By now many goals have fallen by the wayside. Many New Years resolutions have been forgotten and a few people have already fallen off the health nut bandwagon and are eating cheesy fries even as you’re reading this.
But what if I told you that a simple tweak or two might change everything for you?
A few days ago I shared my one word plan for 2012. It’s pretty simple and it’s my turnaround plan for the year: Fitness – specifically developing habits of fitness. But having one word doesn’t necessarily guarantee success (neither does having three words as my failures last year demonstrated). Even having that one word written down and telling a bunch of people about it on a blog doesn’t guarantee success. There is more required and I’m about to share that with you.
The List of Reasons
But before we get into that, let’s hit the same list that just about everybody else uses for why other people fail. Take a long, hard look at the list below; I’m almost certain you’ve seen it before. In fact, I’ve seen it so many times I’m writing it from memory.
- They never really committed to their goals
- They didn’t write their goals down
- They didn’t develop a plan
- They let circumstances dictate their success
- They didn’t take advantage of every tool for achieving their goals (affiliate link)
- Their goals weren’t S.M.A.R.T. (I had to put that one there)
What I’m going to show you in a minute isn’t that different. There are just a couple minor changes – a little more depth here and a slight change there. But what if tweaking a couple of things could change everything?
Decide What You Want
First, decide what you actually want (not what you think you should want).
You can be as detailed or as easy-going with your goal-setting as you want. As a closet nerd I waffle between plans that rival the Apollo launch sequence and pie-in-the-sky ideas that bear no resemblance to an executable strategy. But since you’re not me you need not be caught in my neuroses.
Just figure out what it is that you want.
Note: If your employer has some goals for you, this is not your excuse to ignore those goals.
Then, build your plan.
I’m not planning to spend a lot of time talking about how to set goals but I do want to spend just a little time talking about the O.G.S.M. model. The idea is that your over-arching Objective should determine your Goals, Strategies, and Measures.
For 2012, while my “one word” is fitness, my Objective is to Live fully fit and free for the rest of my life.
Because my Objective is about my life, my specific Goals, Strategies, and Measures are all about fitness (and freedom) in the various areas of my life, such as diet and exercise, relational health, financial strength, and so on. Does that make sense? (if not, drop me a note and I’ll try to answer your questions).
This is the hard work. It’s the emotional work. It’s where you and God and perhaps some other people in your life get together and talk about what’s most important, what’s working, and what’s broken. It’s humbling. It can be excruciating. But, as Sun Tsu would say, it’s possible to predict the winner of a battle based on which general spends more time planning.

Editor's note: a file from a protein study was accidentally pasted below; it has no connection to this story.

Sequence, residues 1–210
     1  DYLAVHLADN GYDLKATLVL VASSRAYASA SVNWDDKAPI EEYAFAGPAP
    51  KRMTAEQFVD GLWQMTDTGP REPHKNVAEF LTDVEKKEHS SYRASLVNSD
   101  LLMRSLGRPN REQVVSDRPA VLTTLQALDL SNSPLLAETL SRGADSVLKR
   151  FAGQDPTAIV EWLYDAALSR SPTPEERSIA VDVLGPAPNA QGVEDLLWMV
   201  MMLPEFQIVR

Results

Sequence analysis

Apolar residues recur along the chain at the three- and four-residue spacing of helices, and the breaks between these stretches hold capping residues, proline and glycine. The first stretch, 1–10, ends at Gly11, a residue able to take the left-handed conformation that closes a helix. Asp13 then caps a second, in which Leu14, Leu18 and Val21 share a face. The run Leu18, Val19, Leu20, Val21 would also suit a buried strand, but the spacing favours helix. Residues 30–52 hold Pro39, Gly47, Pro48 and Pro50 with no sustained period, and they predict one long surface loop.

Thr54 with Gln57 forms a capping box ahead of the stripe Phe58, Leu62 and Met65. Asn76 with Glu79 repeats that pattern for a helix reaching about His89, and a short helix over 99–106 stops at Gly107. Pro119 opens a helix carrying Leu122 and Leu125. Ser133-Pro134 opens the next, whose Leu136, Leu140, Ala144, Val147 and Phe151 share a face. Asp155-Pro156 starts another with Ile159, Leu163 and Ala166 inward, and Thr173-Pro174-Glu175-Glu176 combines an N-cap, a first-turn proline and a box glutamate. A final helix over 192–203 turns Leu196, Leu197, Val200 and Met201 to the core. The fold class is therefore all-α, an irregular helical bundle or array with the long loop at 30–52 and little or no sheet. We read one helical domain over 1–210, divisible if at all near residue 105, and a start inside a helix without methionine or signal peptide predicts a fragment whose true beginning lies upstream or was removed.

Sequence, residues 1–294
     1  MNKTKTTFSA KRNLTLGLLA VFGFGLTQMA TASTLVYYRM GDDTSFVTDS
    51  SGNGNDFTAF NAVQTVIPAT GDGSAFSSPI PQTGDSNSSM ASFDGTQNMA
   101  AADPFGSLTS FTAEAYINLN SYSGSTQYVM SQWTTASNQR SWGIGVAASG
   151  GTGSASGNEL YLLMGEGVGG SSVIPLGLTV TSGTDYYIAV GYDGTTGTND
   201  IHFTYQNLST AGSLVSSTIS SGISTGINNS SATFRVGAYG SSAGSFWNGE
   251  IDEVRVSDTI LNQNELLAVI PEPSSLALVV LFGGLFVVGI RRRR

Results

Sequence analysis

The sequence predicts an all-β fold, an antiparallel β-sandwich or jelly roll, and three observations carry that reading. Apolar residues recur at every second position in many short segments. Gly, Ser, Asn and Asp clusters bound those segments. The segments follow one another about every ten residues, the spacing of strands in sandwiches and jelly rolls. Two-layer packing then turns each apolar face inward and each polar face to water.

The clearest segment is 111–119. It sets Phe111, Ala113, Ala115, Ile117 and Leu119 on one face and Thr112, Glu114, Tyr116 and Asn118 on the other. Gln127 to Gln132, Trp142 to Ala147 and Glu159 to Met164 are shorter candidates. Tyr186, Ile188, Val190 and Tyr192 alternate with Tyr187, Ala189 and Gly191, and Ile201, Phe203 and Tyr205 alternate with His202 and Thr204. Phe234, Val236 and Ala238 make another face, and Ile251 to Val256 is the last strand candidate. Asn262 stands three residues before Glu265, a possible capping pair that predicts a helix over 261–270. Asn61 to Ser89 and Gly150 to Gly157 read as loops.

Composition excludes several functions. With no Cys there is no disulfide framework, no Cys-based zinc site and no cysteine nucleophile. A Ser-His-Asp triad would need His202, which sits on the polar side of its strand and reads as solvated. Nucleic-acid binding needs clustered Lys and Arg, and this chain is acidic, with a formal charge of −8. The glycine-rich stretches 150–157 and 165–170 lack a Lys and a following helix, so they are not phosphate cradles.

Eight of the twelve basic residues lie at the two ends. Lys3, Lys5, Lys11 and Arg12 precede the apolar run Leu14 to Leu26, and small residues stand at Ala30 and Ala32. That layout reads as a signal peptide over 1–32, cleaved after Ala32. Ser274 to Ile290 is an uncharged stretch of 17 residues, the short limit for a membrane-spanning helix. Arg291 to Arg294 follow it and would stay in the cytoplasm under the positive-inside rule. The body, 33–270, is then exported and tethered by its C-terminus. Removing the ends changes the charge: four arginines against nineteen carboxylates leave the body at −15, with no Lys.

Finally, track it.
This where it gets interesting because, while it’s important to track goals regularly, there are different kinds of goals and they need to be tracked differently. For some goals that I’ll call gain/loss goals, tracking is easy. It’s not difficult to figure out how to track “I will lose 150 lbs this year” or “I will build a net worth of $1,000,000.”
But what about “fuzzy” goals like “I want to have a better family life” or “I want to have a deeper relationship with God?” What about “I want to develop healthy habits?” Sure, there are probably some surveys available that you can use to try to quantify the quality of your relationship (as though that’s not an oxymoron). But you can’t track that. Rather, you can only test at the beginning and the end.
And that’s where I had an epiphany.
And it’s where I want to diverge from common practice.
In any instance where it’s hard to quantify achieving a goal, I’m tracking my actions. Sure, I’ll check in every so often and at the end of the year to see if I’ve actually achieved my goal. But the discipline of tracking whether I’m working my plan keeps the goal in front of me all the time and it keeps me on track. It allows me to see the effort I’m putting into my goal even if I can’t check the results for a long time.
Seriously, if I want to improve my relationship with my wife, part of that is spending time with her and I can track that. If I want to improve my relationship with God, part of that is spending time reading the Bible and I can track that. If I want to become a better musician, part of that is practicing my craft and I can track that.
And so can you.
Why does this work?
- Motivation: Whether we’re motivated by fear or desire, we’re more likely to achieve goals we care about.
- Clarity: if the strategies are clearly laid out and directly tied to our objectives, they’re easier to follow.
- Regularity: if we review and track our activities regularly, we’re more likely to achieve our goals simply because we’re more likely to actually do what we planned to do.
There’s more coming.
I’ve even been working on a spreadsheet to share with you so that you can track these various kinds of goals. It’ll probably be a few days before I have it completed and get the instructions written but I’m planning to share it with you soon. Then you’ll have the tools to track both gain/loss goals as well as “fuzzy” goals.
Why not subscribe by email now so you don’t miss out? I’ll let you know when I have it done.
Peace and happy goal-achieving.